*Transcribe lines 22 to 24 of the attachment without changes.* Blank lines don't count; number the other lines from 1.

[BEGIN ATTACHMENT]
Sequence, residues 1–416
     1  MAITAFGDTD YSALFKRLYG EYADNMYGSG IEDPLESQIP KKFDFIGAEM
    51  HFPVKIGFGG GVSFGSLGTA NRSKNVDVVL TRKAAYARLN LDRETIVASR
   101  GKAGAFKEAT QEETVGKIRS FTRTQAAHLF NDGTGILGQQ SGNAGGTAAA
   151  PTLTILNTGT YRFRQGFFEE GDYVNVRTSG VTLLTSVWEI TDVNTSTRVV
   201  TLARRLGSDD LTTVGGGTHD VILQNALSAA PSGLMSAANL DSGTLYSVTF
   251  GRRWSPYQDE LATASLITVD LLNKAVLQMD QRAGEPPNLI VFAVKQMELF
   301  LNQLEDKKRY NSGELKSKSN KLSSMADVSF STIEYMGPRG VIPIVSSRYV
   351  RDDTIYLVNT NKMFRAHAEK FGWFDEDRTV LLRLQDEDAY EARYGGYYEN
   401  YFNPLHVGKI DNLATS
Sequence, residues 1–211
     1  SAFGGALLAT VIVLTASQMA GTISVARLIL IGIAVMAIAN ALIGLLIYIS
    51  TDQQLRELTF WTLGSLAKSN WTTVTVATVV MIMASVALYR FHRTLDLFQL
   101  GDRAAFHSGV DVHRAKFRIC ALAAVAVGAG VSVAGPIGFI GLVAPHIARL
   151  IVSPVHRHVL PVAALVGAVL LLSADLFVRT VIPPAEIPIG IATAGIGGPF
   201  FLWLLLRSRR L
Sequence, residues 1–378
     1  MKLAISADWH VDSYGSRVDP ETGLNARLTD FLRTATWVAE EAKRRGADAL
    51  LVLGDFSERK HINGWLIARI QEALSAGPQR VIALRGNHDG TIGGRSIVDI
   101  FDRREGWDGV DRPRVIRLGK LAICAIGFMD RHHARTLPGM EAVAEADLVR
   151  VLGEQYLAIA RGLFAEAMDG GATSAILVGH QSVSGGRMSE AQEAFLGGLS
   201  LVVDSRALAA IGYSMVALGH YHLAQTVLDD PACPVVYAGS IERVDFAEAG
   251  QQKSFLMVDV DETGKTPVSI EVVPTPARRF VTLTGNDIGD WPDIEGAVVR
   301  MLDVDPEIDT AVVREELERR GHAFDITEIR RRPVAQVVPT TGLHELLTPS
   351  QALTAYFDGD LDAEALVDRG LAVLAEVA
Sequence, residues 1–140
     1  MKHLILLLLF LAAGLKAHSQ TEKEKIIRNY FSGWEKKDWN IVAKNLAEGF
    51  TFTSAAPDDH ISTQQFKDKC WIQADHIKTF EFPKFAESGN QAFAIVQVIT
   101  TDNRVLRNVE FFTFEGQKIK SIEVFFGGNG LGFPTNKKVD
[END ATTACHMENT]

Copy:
   201  LVVDSRALAA IGYSMVALGH YHLAQTVLDD PACPVVYAGS IERVDFAEAG
   251  QQKSFLMVDV DETGKTPVSI EVVPTPARRF VTLTGNDIGD WPDIEGAVVR
   301  MLDVDPEIDT AVVREELERR GHAFDITEIR RRPVAQVVPT TGLHELLTPS